— Chicon panel, via Maureen Ryan/Huffington Post podcast.
On writing many different viewpoint characters:
In order to get inside their skin, I have to identify with them. That includes even the ones who are complete bastards, nasty, twisted, deeply flawed human beings with serious psychological problems. Even them. When I get inside their skin and look out through their eyes, I have to feel a certain - if not sympathy, certainly empathy for them. I have to try to perceive the world as they do, and that creates a certain amount of affection.
Empire Online, 2011
On tapping into your own life experiences:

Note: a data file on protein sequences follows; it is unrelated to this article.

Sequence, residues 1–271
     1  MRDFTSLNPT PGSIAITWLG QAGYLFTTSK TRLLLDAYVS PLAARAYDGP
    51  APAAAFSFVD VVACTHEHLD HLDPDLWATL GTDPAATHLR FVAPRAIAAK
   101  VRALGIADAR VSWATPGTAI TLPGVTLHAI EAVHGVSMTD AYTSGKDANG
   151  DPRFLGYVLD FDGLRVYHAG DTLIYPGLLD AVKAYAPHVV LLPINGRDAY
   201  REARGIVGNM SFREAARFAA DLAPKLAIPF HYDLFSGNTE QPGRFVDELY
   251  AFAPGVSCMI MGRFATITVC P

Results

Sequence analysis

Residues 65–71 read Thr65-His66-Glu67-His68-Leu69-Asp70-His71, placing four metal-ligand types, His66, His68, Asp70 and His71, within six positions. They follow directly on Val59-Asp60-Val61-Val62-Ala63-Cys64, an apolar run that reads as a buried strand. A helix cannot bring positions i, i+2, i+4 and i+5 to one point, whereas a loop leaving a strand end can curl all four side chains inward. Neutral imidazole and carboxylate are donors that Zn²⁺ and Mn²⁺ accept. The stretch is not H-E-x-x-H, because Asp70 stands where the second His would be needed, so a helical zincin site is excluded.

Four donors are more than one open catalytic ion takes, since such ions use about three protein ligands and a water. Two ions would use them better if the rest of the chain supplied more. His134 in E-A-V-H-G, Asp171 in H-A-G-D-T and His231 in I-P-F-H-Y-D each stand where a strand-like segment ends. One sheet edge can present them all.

In creative writing classes in college, the professors will say, 'Write what you know.' And that's often misinterpreted to mean you should write a thinly veiled autobiography. [Like] a graduate student in English Literature at University, writing a story in which the hero is a graduate student in English Literature at University. It would seem to, on the surface, disallow science fiction and fantasy and so forth, since none of us are actually barbarians or knights or lords or even peasants. But I think you have to interpret 'Write what you know' much more broadly than that. We're talking about emotional truth here. We're talking about reaching inside here to make your characters real. If you're going to write about a character witnessing a loved one die, you have to dig into yourself, and say, "Did you ever remember losing a loved one?" Even if it's only a dog that you loved as a child or something. Tap that vein of emotional energy. In some ways, it's not terribly different from what method actors do.... We observe other people from the outside. The only person we ever really know inside and out is ourselves, and we have to reach into ourselves to find the power that makes great fiction real.